Lorna Simpson is a conceptual artist who uses her camera and words to construct new worlds and deconstruct the ones we know. She is known for her large-scale photograph-and-text works, videos and drawings that confront and challenge conventional views of gender, identity, culture, history and memory. Born in Brooklyn, New York, Simpson studied at the School of Visual Arts, New York and the University of California, San Diego. Feeling a strong need to re-examine and re-define photographic practice for contemporary relevance, Simpson was producing work that engaged the conceptual vocabulary of the time by creating exquisitely crafted documents that are as clean and spare as the closed, cyclic systems of meaning they produce. Over time she turned to film and video works in which individuals engage in enigmatic conversations that seem to address the mysteries of both identity and desire. Throughout her body of work, Simpson questions memory and representation, whether in her moving juxtaposition of text and image, in her haunting video projection Cloudscape and its echo in the felt work Cloud, or in her large-scale video installation Momentum which recreates a childhood dance performance. Using the camera as a catalyst, Simpson constructs work comprising text and image, parts to wholes, which comment on the documentary nature of found or staged images. In Simpson’s latest works, characteristic ambivalence is presented with hazy ink washes to present isolated figures amidst nebulous spaces– a return to and departure from her earlier unidentified figures in a deepened exploration of contemporary culture.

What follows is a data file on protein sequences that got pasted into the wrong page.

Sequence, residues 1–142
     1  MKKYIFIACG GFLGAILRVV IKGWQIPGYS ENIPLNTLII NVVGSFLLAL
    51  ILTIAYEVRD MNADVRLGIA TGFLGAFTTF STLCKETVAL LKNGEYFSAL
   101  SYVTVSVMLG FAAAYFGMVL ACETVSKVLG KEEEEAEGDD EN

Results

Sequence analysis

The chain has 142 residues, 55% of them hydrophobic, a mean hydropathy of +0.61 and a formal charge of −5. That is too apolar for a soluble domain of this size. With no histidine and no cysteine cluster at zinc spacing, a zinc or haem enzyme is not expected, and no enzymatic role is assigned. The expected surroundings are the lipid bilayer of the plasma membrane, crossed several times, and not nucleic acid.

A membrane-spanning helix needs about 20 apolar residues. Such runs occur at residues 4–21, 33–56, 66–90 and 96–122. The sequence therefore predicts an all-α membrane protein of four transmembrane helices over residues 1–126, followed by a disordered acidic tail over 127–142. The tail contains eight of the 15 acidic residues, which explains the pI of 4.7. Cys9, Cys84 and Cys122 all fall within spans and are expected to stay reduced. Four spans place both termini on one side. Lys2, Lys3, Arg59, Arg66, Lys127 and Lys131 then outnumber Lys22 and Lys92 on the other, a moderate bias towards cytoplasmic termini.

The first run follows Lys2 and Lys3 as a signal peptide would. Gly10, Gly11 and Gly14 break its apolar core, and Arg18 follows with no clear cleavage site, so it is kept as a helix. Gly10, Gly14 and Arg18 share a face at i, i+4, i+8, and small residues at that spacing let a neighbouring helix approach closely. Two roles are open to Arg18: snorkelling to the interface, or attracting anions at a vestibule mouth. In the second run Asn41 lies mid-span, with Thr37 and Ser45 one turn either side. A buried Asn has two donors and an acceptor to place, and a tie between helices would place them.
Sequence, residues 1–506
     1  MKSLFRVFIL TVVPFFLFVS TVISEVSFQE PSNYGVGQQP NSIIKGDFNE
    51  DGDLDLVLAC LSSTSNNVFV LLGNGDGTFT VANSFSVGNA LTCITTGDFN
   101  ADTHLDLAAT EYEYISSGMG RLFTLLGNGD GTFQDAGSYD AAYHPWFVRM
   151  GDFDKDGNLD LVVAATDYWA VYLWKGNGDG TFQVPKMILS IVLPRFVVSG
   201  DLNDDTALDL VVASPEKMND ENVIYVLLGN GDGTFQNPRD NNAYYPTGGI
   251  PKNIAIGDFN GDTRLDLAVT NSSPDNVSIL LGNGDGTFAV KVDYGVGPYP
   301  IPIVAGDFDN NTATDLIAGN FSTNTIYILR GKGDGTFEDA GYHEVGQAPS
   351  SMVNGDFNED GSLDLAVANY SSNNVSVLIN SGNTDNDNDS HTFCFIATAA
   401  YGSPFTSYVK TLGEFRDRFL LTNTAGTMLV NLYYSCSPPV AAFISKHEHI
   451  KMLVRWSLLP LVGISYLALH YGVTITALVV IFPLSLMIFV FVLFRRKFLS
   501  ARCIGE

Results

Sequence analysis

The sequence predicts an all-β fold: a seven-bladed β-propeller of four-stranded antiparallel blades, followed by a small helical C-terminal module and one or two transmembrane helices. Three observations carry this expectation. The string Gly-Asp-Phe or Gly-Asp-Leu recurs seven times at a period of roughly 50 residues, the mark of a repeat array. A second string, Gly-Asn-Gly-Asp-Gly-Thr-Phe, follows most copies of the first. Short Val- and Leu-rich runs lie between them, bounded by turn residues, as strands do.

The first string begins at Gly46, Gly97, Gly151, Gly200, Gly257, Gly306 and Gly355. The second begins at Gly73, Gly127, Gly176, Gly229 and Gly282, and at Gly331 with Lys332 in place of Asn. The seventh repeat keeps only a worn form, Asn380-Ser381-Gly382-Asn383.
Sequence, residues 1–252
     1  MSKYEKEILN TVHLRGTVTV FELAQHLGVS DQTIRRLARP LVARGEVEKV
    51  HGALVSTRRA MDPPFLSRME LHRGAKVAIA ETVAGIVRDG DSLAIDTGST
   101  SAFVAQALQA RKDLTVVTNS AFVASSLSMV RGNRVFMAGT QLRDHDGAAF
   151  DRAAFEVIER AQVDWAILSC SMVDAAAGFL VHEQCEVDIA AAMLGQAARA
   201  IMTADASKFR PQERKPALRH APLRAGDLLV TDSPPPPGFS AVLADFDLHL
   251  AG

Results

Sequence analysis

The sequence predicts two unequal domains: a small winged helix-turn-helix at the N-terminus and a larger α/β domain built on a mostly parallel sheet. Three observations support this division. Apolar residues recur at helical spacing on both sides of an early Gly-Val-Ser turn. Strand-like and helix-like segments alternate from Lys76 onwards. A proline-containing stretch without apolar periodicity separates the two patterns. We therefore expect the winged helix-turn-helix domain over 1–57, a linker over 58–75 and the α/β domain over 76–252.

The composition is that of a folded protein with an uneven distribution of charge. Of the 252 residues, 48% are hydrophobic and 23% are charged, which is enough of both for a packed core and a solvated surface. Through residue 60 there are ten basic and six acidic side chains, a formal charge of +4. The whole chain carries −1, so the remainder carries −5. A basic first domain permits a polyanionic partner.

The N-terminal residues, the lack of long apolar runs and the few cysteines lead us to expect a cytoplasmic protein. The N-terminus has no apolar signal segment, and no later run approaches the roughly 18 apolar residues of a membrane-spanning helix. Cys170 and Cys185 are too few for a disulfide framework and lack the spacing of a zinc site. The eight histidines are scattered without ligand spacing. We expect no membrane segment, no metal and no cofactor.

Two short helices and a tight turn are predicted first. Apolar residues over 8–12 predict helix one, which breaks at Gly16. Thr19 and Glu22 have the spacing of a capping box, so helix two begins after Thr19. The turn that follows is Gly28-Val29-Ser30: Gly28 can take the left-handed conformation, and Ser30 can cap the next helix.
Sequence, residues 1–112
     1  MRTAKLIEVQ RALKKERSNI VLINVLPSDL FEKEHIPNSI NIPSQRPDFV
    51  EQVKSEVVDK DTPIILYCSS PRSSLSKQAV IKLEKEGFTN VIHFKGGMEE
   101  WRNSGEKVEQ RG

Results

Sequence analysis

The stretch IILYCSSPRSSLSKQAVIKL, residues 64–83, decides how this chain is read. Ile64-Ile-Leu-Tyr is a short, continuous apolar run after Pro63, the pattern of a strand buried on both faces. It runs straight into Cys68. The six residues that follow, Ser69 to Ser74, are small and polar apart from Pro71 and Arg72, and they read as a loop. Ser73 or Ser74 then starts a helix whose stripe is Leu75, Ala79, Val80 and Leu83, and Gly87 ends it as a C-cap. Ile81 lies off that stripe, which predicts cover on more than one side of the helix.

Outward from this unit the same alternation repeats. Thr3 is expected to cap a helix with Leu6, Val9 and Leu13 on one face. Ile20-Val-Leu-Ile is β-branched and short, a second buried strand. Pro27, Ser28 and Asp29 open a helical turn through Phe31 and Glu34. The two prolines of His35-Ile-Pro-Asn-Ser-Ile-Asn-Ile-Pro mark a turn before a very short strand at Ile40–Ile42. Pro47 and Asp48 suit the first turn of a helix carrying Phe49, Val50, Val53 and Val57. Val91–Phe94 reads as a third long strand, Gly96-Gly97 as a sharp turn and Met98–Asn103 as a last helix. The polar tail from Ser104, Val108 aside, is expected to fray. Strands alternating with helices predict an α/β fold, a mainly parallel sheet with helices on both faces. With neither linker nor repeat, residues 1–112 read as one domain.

Simpson has participated in such important international exhibitions as the Hugo Boss Prize at the Guggenheim Museum, New York, and Documenta XI in Kassel, Germany, and the 56th Venice Biennale, Venice, Italy. Her mid-career survey was exhibited at the Los Angeles Museum of Contemporary Art, the Miami Museum of Art, the Whitney Museum of American Art, New York, the Kalamazoo Institute of Art, Michigan, and the Gibbes Museum in South Carolina. In 2013 her works on paper were the subject of an exhibition at the Aspen Art Museum with accompanying catalogue “Lorna Simpson Works on Paper,” Aspen Art Museum. A survey retrospective, accompanied by a monograph “Lorna Simpson” published by Prestel Press, New York, premiered in 2013 at the Jeu de Paume, Paris, and traveled to the Haus der Kunst, Munich, and in 2014 to the The BALTIC Centre for Contemporary Art, Gateshead, England and the Addison Gallery of American Art, Andover, Massachusetts.